I was walking with my head down when the dirt ended. It was raining. Not torrential, soaking rain, but the kind of rain that’s more like wet air; constant, light, and misty. Impenetrable. Cold. Eight degrees is lovely in the sun, or even just when your clothes are dry, but wet it feels like your bones are frozen.
I stopped when the footpath led directly into the ice. Under my feet was orange sand scattered with chunks of obsidian while ahead of me blue ice topped with a few inches of snow ran perpendicular to the path I walked. It seemed to go on forever.
The map had warned me that the path crossed a little finger of the glacier, but what had looked small under my pen looked insurmountable in real life.
Everything had looked smaller on the map. The scale couldn't be comprehended from a folded piece of topographic paper. The only small thing in this place turned out to be me and I found myself slapped in the face with my lack of experience.
I was a total hack job.
As it turns out, filling a backpack with camping gear and dehydrated food then flying to a frigid, treeless country to hike its backcountry does not make you ready for it. I guess that’s partly what I went for; to be confronted with this moment of raw insecurity; to figure my way out of whatever mess I got into so that I’d feel more capable in other parts of my life. So there I was, standing in my Gore-Tex leather boots with my Osprey pack filled to the brim with all the right things, not knowing how to move forward. I was freezing my ass off.
If I couldn’t find the path on the ice, what was I going to do? This question pressed uncomfortably at my mind but at least it was a distraction from my blistered, swollen feet. In this moment I knew that I was facing six or seven more days of this pain; of this indecision. I begrudged every gram of weight in my pack.
This was hypothetically only two kilometers from the camp I was aiming for, but it would be a lot further if a glacial excursion left me lost in Icelandic backcountry.
How will you feel if you walk all the way back?
Good point, me, but how will I feel if I get lost and die of hypothermia?
Whose idea was this?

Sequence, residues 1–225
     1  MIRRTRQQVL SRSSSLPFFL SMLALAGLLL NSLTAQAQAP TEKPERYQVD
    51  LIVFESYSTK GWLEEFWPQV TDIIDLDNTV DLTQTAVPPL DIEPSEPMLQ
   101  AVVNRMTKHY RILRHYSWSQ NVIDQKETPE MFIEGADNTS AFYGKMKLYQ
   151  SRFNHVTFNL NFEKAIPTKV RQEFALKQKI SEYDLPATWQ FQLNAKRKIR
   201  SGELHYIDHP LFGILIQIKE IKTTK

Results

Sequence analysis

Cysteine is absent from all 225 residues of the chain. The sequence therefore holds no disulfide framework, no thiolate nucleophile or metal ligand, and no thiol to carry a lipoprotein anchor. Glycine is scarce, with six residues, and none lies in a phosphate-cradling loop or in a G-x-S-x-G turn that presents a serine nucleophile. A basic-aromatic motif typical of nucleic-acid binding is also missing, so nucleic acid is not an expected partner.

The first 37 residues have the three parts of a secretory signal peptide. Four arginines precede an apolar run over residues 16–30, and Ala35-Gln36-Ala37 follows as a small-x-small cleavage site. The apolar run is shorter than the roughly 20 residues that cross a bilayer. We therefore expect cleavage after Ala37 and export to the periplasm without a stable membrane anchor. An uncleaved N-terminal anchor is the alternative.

As I stepped onto the ice, my internal voices continued to argue, and I kept walking. I could pick out some footprints here, or a shallow depression there, and once in a while even a gloriously tall wooden trail marker in the snow. It turned out I didn’t need orienteering mastery.
A few hundred meters in, I looked back. The air was like a blanket of water and I couldn’t see past the snow through the fog. Walking through a sea of frosted grey and white while the ground faded into the air where they met was a wild sensation. 360 degrees of wet nothing.
I have never felt so alone or, frankly, been so alone.
So I cried. Obviously.
I released the straps on my bag and dropped it into the snow and just stood there crying. Don’t get me wrong; this was at a time in my life when I had a few things to cry about. But this wasn’t entirely about those things. It was more a kind of emptying.
Because The Outside lets you do that: feel whatever you want and stand there pouring it out with no humans around to react. The Outside is utterly indifferent.
To call it indifferent sounds negative, but indifference does two things: it forces us to take total, sole responsibility for what we feel, and at the same time allows us to feel anything. We don’t have to justify it out there.
At home this time of year, light fades, temperatures drop, and fatigue and sadness creep in. I don’t want to go outside. Hiking, climbing, and riding my bike all sound less appealing than eating, reading, and watching movies.
So I do them for the indifference. I do them so that I’m outside where I have to, and get to feel what I’m feeling – illogical or unreasonable as those feelings seem.
Then I go home and tell myself to remember how good I feel so that I can talk myself into it again tomorrow.
On that particular walk, home wasn’t in the cards. The only card I had to play was that of forward movement; the next camp; my tent. The sun came out for about 6 hours that week. Nothing dried and there was nowhere to hang it anyway. I had blisters on 6 toes and one of my nails came out, but I didn’t get swept away in any of the glacial rivers.
That hike was filled with more beauty and more physical misery than any week since. It sucked. Seriously.
But I’d do it again in a heartbeat. I wish that special kind of misery on all of the people I love because of how much it made me - and let me - feel.
I wish it on you.
Tori is our resident adventurer here at Wild Rock. From Icelandic adventures to climbing in deserts to weekends spent in hammocks. Live vicariously through her on The Journal!